The 1950's saw the first use of titanium in orthopedic applications and now titanium is the standard material of choice for orthopedic devices such as hip joints, bone screws, knee joints, spinal fusion cages, shoulder and elbow joints, and bone plates.
Titanium has been selected as a metal of choice in the orthopedic segment of the market because it is inert in the human body, it is resistant to attack body fluids, has proven to be compatible with bone density, is strong and has a low modulus, hence making it an excellent material of choice in the orthopedic arena.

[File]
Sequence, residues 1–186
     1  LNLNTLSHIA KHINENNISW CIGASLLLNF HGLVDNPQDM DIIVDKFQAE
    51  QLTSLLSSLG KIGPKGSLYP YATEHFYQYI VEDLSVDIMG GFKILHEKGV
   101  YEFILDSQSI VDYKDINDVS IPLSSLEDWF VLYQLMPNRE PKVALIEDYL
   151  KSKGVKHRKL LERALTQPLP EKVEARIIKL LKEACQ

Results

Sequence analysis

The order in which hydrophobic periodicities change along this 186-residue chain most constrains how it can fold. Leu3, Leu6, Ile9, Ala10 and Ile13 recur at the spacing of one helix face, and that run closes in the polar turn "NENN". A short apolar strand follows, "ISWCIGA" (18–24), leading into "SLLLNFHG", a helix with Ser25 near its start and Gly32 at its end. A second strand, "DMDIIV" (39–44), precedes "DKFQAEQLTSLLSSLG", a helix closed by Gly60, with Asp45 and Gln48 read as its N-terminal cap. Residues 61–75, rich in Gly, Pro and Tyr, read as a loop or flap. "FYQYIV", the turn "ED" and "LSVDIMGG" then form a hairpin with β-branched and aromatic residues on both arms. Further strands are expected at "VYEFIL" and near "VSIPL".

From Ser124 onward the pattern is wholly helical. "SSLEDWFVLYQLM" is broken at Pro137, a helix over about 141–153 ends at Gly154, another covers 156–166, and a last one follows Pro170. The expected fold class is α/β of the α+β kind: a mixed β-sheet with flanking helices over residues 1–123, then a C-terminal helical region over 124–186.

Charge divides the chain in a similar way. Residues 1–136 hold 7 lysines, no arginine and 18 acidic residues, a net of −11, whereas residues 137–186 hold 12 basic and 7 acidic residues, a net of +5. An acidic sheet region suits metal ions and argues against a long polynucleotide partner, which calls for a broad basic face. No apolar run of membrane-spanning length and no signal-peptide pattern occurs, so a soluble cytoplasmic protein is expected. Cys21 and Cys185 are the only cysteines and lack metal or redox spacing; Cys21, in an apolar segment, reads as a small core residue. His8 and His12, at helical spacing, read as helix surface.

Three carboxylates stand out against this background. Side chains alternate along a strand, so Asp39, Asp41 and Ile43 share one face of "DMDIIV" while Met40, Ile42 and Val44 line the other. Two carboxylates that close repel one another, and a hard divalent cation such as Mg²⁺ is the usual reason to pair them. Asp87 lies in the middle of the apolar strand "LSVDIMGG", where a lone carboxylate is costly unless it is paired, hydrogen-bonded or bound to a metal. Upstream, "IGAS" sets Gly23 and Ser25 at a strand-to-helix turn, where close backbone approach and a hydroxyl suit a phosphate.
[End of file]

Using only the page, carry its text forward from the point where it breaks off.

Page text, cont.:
The human body readily accepts titanium as it has proven to be more biocompatible than stainless steel or cobalt chrome. In addition, titanium has a higher fatigue strength than many other metals. Compatibility with MRI (Magnetic Resonance Imaging) and CT (Computed Technology) also contribute to the selection of titanium as the material of choice in orthopedic applications.
Products used in this application include: